Even silences can be “speaking”… and sometimes that’s all it takes…

Hey! Hey! Do you like ice cream…?


My Nan’s Sewing Basket


My paternal grandmother was one of a generation brought up to believe a lady should have a well-equipped sewing basket and furthermore, be able to use its contents in the way in which they were intended.

Likewise, at my school, we were all expected to be able to sew a straight seam, replace a button, follow a pattern and know a reasonable amount of embroidery stitches.

I don’t think my grandmother and mother altogether approved of each other…

Shall I let the seams of those trousers out a bit, dear? They do look awfully tight…”

No thank you, Mrs. Murdoch, they’re supposed to be that way, it’s fashion…!”

My mother was more for the practical uses of sewing, like stitching up gashes in fetlocks, plaited manes, ready for showing… so it was left to my grandmother to teach me its gentler applications.


Now, I am not the world’s greatest needlewoman – I still can’t follow a pattern and the finer points of knitting escape me – but I remember very clearly the delight of being able to have a look through my Nan’s sewing basket, and marvel at its treasures…

Reels of sewing thread, neatly aligned and in a wonderful spectrum of colours from black to red to pearl grey. A little packet of real gold thread, purchased solely for the mending of a ball gown; strips of a white bendy substance, that I found out was real whale bone, frowned upon nowadays but which had in fact been salvaged from one of her own mother’s dresses.

Soft skeins of embroidery silks, heaped and shiny like material jewels, ready to be used on the squares of cambric, I think it was called, that came with useful little holes for me to practise my stitches.

I loved the wheels of glass headed pins, and liked to re-arrange them in the order of the rainbow colours, and fiddle with the needles, arranged in size order, in their cotton case, stabbing little holes in the cushion shaped like a tomato…

Don’t do that please dear, it will end up being more hole than cushion…”

I loved hearing the stories behind the scraps of fabric and lace:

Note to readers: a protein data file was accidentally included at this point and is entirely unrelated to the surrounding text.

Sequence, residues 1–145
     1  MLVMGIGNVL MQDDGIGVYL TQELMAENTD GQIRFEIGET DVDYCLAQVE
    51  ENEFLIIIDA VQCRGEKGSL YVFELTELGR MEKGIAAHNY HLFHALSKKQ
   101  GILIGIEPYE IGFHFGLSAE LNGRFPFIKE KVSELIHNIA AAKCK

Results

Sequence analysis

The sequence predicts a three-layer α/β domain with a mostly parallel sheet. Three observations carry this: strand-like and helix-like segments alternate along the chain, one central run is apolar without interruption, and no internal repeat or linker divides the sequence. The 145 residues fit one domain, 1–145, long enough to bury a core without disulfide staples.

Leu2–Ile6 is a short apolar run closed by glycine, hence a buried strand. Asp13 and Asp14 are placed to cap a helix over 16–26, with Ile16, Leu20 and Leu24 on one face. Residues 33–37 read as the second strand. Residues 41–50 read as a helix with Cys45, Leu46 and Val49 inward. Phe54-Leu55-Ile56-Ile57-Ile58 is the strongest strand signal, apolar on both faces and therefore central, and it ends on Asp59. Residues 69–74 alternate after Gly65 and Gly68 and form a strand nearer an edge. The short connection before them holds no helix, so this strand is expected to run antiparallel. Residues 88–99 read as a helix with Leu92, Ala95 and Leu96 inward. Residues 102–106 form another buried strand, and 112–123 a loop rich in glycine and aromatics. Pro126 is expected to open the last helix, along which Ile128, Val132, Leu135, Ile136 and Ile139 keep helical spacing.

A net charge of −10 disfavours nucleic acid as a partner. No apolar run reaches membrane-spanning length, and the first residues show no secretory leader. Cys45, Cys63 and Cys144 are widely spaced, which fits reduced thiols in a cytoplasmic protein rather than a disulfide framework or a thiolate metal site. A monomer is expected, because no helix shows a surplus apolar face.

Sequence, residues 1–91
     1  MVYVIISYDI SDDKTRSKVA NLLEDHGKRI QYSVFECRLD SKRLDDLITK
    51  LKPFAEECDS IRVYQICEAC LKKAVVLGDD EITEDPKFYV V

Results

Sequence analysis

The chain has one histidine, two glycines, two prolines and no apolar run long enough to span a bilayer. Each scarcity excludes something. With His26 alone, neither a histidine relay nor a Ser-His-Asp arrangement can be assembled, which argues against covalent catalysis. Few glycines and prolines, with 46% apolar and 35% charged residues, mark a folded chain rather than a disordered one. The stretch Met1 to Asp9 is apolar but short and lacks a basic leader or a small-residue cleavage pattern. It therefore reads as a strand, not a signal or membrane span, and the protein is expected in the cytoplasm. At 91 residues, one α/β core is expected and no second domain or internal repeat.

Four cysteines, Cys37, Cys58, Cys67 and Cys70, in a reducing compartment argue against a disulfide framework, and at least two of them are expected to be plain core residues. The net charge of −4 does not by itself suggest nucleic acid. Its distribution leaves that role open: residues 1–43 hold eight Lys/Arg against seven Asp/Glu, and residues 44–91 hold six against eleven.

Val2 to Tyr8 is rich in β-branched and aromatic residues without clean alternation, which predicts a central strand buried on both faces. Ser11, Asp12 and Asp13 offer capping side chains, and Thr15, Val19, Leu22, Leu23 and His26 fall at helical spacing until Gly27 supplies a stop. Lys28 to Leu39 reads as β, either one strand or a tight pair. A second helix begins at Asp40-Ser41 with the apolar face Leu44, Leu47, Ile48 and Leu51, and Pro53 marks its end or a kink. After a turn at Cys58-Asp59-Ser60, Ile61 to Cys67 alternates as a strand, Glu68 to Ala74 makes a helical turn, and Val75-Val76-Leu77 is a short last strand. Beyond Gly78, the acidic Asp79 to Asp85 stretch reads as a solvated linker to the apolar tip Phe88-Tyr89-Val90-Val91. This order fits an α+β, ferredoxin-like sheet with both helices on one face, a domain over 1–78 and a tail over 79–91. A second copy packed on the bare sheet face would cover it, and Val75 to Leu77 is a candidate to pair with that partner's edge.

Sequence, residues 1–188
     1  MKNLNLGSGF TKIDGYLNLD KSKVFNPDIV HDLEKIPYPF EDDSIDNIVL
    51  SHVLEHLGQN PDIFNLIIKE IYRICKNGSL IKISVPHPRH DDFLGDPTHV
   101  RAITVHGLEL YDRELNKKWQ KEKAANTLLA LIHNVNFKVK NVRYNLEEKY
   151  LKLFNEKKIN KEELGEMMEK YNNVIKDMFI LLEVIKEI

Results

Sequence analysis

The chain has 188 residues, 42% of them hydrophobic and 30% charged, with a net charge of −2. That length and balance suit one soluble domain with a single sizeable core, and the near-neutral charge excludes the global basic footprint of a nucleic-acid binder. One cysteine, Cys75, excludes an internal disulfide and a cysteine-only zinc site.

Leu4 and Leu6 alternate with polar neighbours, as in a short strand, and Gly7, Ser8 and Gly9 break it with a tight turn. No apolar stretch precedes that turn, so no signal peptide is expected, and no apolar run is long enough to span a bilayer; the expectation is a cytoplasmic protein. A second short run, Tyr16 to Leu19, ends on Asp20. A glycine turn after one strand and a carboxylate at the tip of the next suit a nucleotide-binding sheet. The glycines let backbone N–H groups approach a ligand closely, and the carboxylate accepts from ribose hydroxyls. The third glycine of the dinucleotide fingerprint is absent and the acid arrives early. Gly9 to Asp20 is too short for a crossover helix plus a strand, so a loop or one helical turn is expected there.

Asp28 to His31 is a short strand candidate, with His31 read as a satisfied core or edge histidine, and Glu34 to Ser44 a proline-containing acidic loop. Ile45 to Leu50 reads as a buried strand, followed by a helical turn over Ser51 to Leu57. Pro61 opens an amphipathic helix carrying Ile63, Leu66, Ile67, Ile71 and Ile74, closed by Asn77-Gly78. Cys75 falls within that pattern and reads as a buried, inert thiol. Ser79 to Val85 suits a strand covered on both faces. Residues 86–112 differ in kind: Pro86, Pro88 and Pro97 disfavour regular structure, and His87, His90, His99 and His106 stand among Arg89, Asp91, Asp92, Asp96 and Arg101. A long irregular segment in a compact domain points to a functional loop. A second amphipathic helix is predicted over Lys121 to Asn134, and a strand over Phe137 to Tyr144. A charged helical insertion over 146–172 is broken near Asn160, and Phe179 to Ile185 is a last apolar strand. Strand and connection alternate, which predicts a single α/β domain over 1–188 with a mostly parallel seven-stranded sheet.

Well, that came from your uncle’s christening gown that I made, your grandfather brought me the lace back from a trip to Brussels…”

I would listen, spellbound, stroking the soft velvet ribbons, lilac and white, neatly coiled and fastened with a tiny gold safety pin.


The button tin – well, that was a separate treasure all in itself. I think at one point it had been one of those tins handed out to soldiers in the First World War, and somehow, it had found its way back with the family member and been passed to my Nan as a keepsake tin. Most of its paint had been rubbed off and it was a little battered, but it did useful duty guarding Nan’s collection of buttons… Brasso-ed buttons dull with age that bore some indecipherable insignia on it, possibly from that same relative’s military uniform; tiny, dainty mother-of-pearl buttons, lost from evening gloves and never returned, horn toggles from my father’s childhood duffle coat, workaday buttons of plastic in shades of grey, black and white, jewelled buttons from various dresses that had long ago been cut up and re-purposed and my personal favourite, a menagerie of buttons shaped like animals, little ducks and giraffes and kittens of course, all of which at some time had been used on a dress or cardigan for me.

I was the only girl grandchild at that time, and Nan loved making the beautifully crafted frilly dresses, with smocked fronts and lacy hems, the delicately crocheted cardigans and jumpers…

She also taught me the value of having a decent pair of scissors in the house. She had several pairs, all for different jobs, all regularly sharpened and housed in their own protective cases. She never would have dreamed of using her dressmaking scissors for cutting hair, or her embroidery scissors for trimming nails…

I may not have been lucky enough to inherit my grandmother’s skills with a needle, but I was BLOODY annoyed the other day when I found my partner using my good sewing scissors to remove the fat from his bacon…